You’ve heard the term “highly processed” to food, probably in contexts suggesting that this is an unhealthy attribute. But what does this term mean, how many foods fall into this category, and why are they often frowned upon? Food processing is any procedure that alters food from its natural state, such as heating, freezing, milling, mixing and adding flavorings. Cooking and preparing raw ingredients at home is also processing them, but "processed" is almost always reserved for commercial foods, usually packaged. Of course, food processing can be a good thing... It helps "insure a safe, diverse, abundant and accessible food supply," according to researchers from the University of North Carolina at Chapel Hill, in a recent study in the American Journal of Clinical Nutrition. But many experts believe excessive consumption of highly processed foods leads to poor diets and (and high obesity rates). That may be especially true of ready-to-eat foods, which can be consumed quickly and easily. To test this notion, the new study looked at purchases of packaged foods and beverages from more than 150,000 households and analyzed them in terms of their processing and nutritional quality. The of daily calories; Moderately processed foods and those processed for basic preservation accounted for another 30 percent of calories; Unprocessed or minimally processed foods accounted for only 7 percent of total calories. Unsurprisingly, the study found that highly processed supply not only most of our calories but also a disproportionate share of sugar, sodium and saturated fat that we eat. What’s to be done? Food companies sometimes try to develop highly foods that are healthier, though they haven’t has a good track record with this , and consumer often don’t like the results.. The alternative: Buy more whole of minimally processed foods and do the “processing” yourself. It’s called home cooking.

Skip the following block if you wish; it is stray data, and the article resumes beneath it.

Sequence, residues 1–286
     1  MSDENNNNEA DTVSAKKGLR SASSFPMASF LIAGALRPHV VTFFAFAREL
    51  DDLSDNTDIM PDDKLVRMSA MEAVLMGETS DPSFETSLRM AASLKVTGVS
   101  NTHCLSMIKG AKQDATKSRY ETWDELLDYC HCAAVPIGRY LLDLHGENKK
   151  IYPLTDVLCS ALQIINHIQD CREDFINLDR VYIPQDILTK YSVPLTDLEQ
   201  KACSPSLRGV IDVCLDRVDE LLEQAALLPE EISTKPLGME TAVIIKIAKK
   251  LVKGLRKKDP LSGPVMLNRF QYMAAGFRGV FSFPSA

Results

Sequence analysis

Source: University of California at Berkeley Wellness Letter, January 2016.